Head & neck imagingCase Type
Kaitlin M. Zaki-Metias, MD1, Mohammed Al-Hameed, MD1, Serguei Medvedev, MD1,2, Christopher C. Zarour, MD1, Alexander Tsibulski, MD1, George M. Pappas, MD1,3Patient
63 years, male
A 63-year-old male with a history of anterior cervical spinal fusion initially presented with dysphagia. Imaging revealed displacement of the anterior plate and a screw, prompting the decision to remove the hardware. A surgical drain was left in place postoperatively. Two days following surgery, milky discharge was noted in the drainage catheter after the patient had ingested milk.
Initial single contrast oesophagram showed pooling of contrast in the right lateral aspect of the oesophagus adjacent to the drain, concerning for an oesophagal leak.
Subsequent computed tomography (CT) of the neck with intravenous and oral contrast demonstrated a curvilinear tract extending from the proximal infrahyoid oesophagus to the skin surface at the right anterior neck consistent with an oesophagocutaneous fistula.
Fistulas are abnormal tracts between two epithelial-lined surfaces and can occur as a result of iatrogenic injury, infection, penetrating trauma, malignancy, or an inflammatory process such as Crohn’s disease. Esophagocutaneous fistula specifically is a rare complication of cervical and thoracic surgeries. Although rare, there have been similar cases of oesophagal injury and subsequent fistulisation. The incidence of presentation of oesophagal perforation in anterior cervical spine surgery is 0.2-0.4% in some studies and less than 0.1% in others [1,2]. The formation of a fistula is a consequence of direct intraoperative oesophagal injury resulting in leakage of oesophagal content into the surrounding tissues and can present in the immediate postoperative period or within the first few months following surgery.
Findings concerning for oesophagal injury and subsequent fistulisation include presence of oral or ingested contents in drainage catheters, fever, chills, and increased postoperative neck pain. The formation of an oesophagocutaneous fistula is the direct result of intraoperative oesophagal injury, leading to leakage of pharyngeal and oesophagal contents into the surrounding soft tissues which may form a tract, usually presenting within days to months following surgery [2,3]. For comparison, a delayed presentation of pharyngoesophageal perforation has been reported in 0.2-1.5% of cases following anterior approach to cervical spinal surgery with an average time to diagnosis of two years . The most important aetiology of oesophagal injury in the late postoperative period is displacement or fracture of the cervical spine hardware .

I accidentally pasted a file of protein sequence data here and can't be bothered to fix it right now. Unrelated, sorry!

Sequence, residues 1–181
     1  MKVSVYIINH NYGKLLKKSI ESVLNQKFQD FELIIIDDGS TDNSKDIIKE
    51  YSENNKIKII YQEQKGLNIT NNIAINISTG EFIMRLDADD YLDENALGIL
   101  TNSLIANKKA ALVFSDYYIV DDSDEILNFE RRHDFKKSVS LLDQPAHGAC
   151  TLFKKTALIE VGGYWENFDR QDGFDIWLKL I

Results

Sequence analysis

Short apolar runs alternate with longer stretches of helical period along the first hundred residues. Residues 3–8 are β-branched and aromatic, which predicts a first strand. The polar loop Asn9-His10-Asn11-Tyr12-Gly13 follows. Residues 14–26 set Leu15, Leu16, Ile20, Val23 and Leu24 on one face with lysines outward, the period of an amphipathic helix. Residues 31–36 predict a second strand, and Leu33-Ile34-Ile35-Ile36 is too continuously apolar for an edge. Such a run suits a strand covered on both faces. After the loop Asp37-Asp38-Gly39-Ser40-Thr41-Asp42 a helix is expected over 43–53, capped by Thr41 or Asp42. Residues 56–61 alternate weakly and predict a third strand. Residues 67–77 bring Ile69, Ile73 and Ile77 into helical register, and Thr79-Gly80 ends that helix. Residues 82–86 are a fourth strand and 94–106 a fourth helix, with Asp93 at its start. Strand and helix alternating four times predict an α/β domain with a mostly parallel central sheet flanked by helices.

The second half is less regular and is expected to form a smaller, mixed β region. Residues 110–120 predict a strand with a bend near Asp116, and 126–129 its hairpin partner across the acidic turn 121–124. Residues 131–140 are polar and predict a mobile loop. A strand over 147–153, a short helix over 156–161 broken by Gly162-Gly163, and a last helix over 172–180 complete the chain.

Diagnosis of oesophagal injury is made with upper gastrointestinal imaging with water-soluble positive oral contrast, such as oesophagram or oral contrast-enhanced neck computed tomography (CT). CT imaging may be preferred to evaluate for abscess formation. The findings consistent with diagnosis of oesophagal injury would include extravasation of contrast material into the tissues surrounding the oesophagus, possibly with pneumomediastinum or subcutaneous emphysema .
The morbidity and mortality of oesophagal injury following spinal surgery remain as high as 20% for those detected and treated within 24 hours. Delay in treatment has a mortality rate of approximately 50% . Surgical repair of perforation and fistulisation is largely preferred over conservative management due to the high morbidity and mortality, particularly in patients with adjacent abscess formation . However, there have been reports of successful conservative management in these patients, mainly attributed to the timing between surgery and diagnosis of the fistula, in addition to the degree of perforation and calibre of the fistula tract .
Overall, treatment options depend on the size and output of the fistula and can range from conservative management, as in this case, to surgical intervention. It can be expected that the majority of narrow-calibre, low-output fistulas will spontaneously resolve within 4-6 weeks . The common treatment for patients who have undergone anterior cervical fusion and subsequently developed oesophagal injury and fistulisation would be to remove the hardware, perform a posterior fusion, primary closure of oesophagal injury, antibiotic therapy, and keeping patients nil per os (NPO) .
Take-Home Message/Teaching Points:
While oesophagal injury is not an uncommon complication of cervical and thoracic surgeries, esophagocutaneous fistula formation is rare. Most esophageal injuries present immediately postoperatively, while a small number esophagocutaneous fistulas may present up to two years later. Abnormal discharge of food material from a wound or drainage catheter should always raise suspicion of fistula formation. Diagnosis is made with oral contrast-enhanced upper gastrointestinal imaging. Conservative management can be considered with low-output fistulas, however surgical management may be preferred due to the risk of further infection and complications.
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